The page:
However, 88 percent of the respondents indicated that elected officials referred to performance data during their deliberations if the data were present, suggesting that elected officials may find performance data informative but not determinate for their allocation decisions. Finally, 20 percent of respondents indicated that performance data were more likely to be used for a new or expanded appropriation, indicating that performance is more relevant to non-routine budget decisions by elected officials, just as it is for non-routine budget recommendations by budget officers.

As Caiden pointed out, “even relevant, accurate, and timely data will serve no purpose unless they are actually used.”36 Wang noted that funding decisions are “fundamentally political, not performance based.”37 State studies have not demonstrated a consistent impact of performance budgeting on budget outcomes. Performance results had no demonstrated impact on the budget office’s spending recommendation or on staffing recommendations in fifteen executive departments in Missouri.38 Georgia’s experience, ongoing since 1977, demonstrated that a requirement to use performance data in the budget process did not create its own capacity; appropriate and reliable measures did not “just happen” after they were mandated.39 Florida encountered serious problems with the implementation of its Government Performance and Accountability Act that were not unlike the federal experience. A recent review of the Florida experience identified some challenges for the future of performance budgeting, including how to incorporate performance information in legislative appropriations decisions and how to approach administrative sanctions for agencies that fail to meet performance standards.40 (Grizzle and Pettijohn, 2002).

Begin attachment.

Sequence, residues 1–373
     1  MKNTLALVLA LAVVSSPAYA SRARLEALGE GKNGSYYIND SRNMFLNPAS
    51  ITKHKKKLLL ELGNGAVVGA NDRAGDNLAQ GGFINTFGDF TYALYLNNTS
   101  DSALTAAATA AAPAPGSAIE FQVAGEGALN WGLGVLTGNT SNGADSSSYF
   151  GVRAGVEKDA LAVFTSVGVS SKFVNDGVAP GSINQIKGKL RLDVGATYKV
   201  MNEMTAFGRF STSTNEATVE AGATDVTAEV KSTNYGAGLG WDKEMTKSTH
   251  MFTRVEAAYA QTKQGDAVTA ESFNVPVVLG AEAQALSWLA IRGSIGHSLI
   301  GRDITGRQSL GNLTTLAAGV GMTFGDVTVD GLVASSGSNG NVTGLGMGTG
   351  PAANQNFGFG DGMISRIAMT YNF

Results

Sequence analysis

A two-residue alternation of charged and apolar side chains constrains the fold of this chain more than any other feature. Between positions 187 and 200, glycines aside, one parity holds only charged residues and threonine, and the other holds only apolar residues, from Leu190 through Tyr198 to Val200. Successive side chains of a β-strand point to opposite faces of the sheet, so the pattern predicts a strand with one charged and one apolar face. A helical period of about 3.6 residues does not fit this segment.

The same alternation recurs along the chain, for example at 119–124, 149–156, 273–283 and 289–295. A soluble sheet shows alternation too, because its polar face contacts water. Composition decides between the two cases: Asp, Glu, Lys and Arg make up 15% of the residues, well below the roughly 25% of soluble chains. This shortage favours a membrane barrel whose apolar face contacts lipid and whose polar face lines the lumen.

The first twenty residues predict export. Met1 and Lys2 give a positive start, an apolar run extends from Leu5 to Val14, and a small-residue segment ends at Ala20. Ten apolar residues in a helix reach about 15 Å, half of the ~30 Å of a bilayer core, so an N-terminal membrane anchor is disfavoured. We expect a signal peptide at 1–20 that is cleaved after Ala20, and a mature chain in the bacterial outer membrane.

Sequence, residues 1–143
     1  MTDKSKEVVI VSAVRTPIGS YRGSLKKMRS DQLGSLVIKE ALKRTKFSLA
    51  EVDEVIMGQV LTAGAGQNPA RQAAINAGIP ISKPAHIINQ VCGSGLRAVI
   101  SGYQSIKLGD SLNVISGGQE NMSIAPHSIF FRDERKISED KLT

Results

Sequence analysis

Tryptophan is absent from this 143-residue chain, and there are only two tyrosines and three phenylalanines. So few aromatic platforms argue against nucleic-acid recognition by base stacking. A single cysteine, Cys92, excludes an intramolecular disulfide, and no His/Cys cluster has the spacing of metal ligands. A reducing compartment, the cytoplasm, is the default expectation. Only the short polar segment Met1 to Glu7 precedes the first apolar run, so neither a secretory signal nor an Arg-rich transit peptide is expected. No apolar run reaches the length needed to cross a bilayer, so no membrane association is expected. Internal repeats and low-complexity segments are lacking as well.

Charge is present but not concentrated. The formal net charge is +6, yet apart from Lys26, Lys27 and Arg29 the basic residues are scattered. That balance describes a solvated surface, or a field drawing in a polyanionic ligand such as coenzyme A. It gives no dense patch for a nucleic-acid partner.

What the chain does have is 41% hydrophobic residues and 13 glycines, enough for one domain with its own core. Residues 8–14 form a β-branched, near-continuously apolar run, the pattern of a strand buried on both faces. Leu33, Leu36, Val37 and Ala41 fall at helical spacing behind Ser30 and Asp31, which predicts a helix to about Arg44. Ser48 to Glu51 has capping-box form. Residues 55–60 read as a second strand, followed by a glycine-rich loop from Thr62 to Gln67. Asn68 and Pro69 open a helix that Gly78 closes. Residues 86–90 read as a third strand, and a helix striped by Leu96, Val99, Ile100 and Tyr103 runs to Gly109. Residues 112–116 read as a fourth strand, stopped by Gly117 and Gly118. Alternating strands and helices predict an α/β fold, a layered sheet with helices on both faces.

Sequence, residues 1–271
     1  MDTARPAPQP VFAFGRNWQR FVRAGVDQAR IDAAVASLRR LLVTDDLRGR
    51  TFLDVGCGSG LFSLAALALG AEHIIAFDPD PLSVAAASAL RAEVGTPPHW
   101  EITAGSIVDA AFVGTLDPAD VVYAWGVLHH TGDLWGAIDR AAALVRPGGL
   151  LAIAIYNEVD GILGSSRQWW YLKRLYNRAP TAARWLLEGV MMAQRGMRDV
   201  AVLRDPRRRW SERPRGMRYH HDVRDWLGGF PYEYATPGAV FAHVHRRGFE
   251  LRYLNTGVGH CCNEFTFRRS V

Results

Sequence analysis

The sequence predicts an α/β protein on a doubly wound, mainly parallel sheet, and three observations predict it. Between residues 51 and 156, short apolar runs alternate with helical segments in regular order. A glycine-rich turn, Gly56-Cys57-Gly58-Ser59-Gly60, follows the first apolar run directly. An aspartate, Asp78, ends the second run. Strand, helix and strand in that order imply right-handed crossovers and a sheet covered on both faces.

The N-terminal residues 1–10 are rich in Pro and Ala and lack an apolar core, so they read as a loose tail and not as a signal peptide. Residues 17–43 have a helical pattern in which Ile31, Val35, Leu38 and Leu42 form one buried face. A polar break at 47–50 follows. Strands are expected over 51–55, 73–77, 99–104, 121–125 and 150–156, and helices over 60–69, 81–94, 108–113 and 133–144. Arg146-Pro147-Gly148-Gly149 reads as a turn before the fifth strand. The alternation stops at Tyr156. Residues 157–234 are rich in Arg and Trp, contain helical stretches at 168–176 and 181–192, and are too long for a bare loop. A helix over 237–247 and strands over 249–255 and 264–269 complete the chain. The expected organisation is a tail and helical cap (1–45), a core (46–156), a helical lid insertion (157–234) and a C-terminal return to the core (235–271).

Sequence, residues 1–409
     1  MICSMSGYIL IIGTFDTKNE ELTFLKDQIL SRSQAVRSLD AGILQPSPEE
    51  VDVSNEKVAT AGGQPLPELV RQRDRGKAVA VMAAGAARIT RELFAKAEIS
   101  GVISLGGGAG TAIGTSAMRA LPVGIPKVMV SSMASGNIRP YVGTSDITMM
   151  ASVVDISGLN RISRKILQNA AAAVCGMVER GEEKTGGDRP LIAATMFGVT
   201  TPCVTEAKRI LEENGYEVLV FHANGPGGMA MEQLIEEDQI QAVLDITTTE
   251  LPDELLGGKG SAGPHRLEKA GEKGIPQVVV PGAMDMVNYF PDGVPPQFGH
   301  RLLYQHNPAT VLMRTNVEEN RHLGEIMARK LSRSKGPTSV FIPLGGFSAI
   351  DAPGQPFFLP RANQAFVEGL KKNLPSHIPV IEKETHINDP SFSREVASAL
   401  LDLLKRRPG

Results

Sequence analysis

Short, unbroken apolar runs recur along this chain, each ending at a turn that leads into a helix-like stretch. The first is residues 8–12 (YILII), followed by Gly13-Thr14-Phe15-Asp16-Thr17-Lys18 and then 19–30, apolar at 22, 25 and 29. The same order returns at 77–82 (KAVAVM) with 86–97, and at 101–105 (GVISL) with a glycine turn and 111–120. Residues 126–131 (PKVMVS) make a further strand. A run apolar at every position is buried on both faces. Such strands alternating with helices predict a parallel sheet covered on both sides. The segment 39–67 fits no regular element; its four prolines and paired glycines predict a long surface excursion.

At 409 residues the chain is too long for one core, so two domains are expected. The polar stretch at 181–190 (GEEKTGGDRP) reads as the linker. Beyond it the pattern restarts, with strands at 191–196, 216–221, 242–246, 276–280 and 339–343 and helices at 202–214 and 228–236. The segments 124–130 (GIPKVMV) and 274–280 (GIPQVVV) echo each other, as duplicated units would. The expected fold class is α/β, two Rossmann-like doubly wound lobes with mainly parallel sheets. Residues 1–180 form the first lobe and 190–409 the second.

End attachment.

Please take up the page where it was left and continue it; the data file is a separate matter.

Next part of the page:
Moreover, state budget officers reported that the mandate for performance budgeting often came without adequate time, financial resources, executive and legislative leadership and interest in performance information at all levels of state government.41 Twenty-five percent of state budget officers said that performance funding was a success in their states; sixty-four percent said it was not. Yet, eighty-six percent of responding state budget officers predicted that performance funding would be expanded in their states.42